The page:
The job of a child is to wildly engage with life; to conduct a constant series of passionate experiments with his or her surroundings. To try out behaviors, to learn self control, to ask millions of questions, to create hypotheses and constantly test them in dialogue with adults and with their environment. It is the job of children to make mistakes, sometimes huge ones, in the service of learning. It is their job to be imperfect. They are works in progress. Their progress comes from an ever more complicated set of mistakes.
In order to fly an airplane, you can’t just set off in a straight line, in the direction of your destination. You have to aim in the general direction and then you must make a series of corrections of little mistakes as you get closer and closer to your destination. So it is in learning, too. The best we can hope for is that our children will be bold enough to make the essential mistakes in life that will guide them to their greatest discoveries and learning. My hope for my children is that they will have a growth mindset. I want my children to know that people are not born brilliant mathematicians or architects or doctors or writers or artists. Babies are born with potential and children and adolescents hone skills and follow passions, which turn them into great mathematicians, architects, doctors, writers, and artists. And how do children hone these skills? How do inexperienced little people know how to follow their passions in a way that becomes gradually more sophisticated? Their parents. And their teachers.
As a mother I see teachers as one of my biggest allies in life, in raising my children, in teaching them how to be good humans, to help them think critically and be knowledgeable about the world around them. An attack on teachers is an attack on my family, because teachers and schools are simply an extension of parents and family. I hope that this comparison will help people understand why this is such a deeply personal battle: a battle, for which some of us would offer our lives.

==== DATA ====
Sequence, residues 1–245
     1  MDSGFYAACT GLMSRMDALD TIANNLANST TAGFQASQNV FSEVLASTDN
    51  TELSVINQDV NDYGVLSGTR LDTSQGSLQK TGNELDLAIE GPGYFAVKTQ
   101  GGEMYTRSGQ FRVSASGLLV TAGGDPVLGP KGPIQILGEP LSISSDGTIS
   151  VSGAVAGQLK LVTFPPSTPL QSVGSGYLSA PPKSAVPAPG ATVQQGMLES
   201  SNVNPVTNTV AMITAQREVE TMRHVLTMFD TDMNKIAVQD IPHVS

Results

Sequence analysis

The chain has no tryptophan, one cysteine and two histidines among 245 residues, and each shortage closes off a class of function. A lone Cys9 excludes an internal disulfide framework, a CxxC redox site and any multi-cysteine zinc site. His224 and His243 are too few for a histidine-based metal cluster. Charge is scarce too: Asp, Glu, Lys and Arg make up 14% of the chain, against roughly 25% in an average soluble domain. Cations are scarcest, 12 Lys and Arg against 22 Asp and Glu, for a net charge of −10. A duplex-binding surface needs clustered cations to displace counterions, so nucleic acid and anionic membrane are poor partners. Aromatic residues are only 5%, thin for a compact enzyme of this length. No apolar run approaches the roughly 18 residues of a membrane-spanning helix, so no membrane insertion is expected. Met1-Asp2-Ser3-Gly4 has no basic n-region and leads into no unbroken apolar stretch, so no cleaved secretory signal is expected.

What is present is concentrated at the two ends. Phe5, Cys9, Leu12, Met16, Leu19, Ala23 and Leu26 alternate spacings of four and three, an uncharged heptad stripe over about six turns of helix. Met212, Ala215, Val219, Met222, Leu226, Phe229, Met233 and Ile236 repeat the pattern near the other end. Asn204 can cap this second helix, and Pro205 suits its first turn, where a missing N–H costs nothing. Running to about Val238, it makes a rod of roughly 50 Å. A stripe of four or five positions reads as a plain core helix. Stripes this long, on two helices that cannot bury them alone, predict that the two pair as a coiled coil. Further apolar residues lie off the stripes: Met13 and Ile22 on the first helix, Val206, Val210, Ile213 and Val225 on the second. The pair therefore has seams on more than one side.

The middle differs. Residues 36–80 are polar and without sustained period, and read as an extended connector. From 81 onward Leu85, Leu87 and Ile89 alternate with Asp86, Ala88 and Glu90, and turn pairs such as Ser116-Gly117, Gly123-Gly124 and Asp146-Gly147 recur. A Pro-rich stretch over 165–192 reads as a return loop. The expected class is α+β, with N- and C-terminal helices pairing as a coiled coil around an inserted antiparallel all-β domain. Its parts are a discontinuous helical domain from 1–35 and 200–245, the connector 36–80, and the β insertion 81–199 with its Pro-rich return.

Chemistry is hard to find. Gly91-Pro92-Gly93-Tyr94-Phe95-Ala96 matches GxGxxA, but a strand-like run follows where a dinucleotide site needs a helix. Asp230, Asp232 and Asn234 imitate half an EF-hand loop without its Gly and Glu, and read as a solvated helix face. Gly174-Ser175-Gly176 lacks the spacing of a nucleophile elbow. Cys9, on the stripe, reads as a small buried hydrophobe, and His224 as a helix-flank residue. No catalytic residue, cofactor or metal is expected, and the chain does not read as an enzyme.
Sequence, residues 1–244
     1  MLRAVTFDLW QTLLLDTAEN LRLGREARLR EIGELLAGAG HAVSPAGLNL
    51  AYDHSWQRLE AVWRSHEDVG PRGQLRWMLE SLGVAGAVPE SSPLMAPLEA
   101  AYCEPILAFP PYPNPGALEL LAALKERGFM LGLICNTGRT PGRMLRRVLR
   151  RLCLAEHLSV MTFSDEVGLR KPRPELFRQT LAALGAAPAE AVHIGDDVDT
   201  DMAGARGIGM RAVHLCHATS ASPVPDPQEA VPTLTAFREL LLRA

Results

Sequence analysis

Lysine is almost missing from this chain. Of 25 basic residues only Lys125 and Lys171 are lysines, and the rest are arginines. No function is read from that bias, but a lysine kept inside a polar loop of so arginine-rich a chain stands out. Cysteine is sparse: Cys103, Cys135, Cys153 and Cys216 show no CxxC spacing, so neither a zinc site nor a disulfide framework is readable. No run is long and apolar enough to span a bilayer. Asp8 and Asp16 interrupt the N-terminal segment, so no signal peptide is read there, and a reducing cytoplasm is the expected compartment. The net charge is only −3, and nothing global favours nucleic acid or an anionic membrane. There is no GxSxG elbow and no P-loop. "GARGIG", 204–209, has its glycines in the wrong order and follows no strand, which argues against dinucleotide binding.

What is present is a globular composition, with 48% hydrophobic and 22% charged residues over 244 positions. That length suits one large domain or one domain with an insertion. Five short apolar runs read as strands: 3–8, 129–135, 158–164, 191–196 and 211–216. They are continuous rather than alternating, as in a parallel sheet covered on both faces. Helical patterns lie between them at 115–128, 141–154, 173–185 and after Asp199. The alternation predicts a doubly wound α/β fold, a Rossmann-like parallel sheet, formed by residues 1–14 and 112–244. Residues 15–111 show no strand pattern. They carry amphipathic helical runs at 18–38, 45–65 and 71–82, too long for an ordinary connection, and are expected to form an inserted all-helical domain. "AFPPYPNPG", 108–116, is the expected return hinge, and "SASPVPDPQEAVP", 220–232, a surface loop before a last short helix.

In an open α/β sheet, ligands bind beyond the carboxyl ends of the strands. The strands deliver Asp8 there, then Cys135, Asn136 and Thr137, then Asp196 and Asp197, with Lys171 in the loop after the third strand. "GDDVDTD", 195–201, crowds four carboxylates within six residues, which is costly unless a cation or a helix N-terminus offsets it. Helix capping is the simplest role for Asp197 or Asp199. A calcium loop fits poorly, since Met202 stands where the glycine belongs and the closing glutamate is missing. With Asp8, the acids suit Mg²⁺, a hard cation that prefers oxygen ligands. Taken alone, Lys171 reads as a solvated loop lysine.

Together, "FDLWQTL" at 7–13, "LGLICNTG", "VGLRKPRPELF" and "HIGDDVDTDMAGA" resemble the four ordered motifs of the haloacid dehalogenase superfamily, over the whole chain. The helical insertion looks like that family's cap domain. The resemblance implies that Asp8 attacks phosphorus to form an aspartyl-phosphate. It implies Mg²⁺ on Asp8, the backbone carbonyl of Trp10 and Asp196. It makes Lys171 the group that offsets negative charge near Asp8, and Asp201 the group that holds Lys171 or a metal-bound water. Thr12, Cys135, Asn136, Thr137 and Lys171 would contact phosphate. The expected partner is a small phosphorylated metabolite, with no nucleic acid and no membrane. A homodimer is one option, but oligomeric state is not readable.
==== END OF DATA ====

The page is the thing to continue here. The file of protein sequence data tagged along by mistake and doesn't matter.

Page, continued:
In my life, there has been no greater gift, than that of my parents and teachers. As a child my mother educated us in hundreds of fascinating topics during the summer, after school, and on weekends. She dragged me on insufferable house tours, charming architecture walks, to darn near every national park in the United States, and she and my grandmother taught me the name of every flower in our backyard gardens. My mother stocked our house with craft kits and science kits. She took us to musicals and played Dvořák records around the house. My mother taught me what it was like to love learning. She made the world come alive.
When I entered school I found that there were others like her, who were absolutely obsessed with the joy of learning. These special people were my teachers. From elementary school to graduate school there have always been teachers who made my head swirl with difficult ideas and excitement. It just makes sense that when learning is fun, it creates motivation and a virtuous cycle. The intrinsic rewards of joyful learning guarantee that a happy student will never stop wanting to learn and grow.
Now I have my own children, four of them. And they are wide-eyed and excited and making messy mistakes all over the place. Now I watch as they experience the miracle and joy of imagining, hypothesizing, modeling, and refuting. I set out everyday to model for my kids that learning is a lifelong adventure. I trust their teachers to give them room to grow and the courage to take risks as they explore their world. I know their teachers have the best possible knowledge and skills to help fan their curiosity, develop their critical thinking, shape their character, and teach them to find answers to their most burning questions.
Which brings me to the point of this whole post.
Parents and teachers are more alike than different.
We love our children. We want to protect them. We know what is best for them.
Don’t you dare call this Opt Out Movement a Labor Dispute.
This movement, most definitely is a Dispute about Love.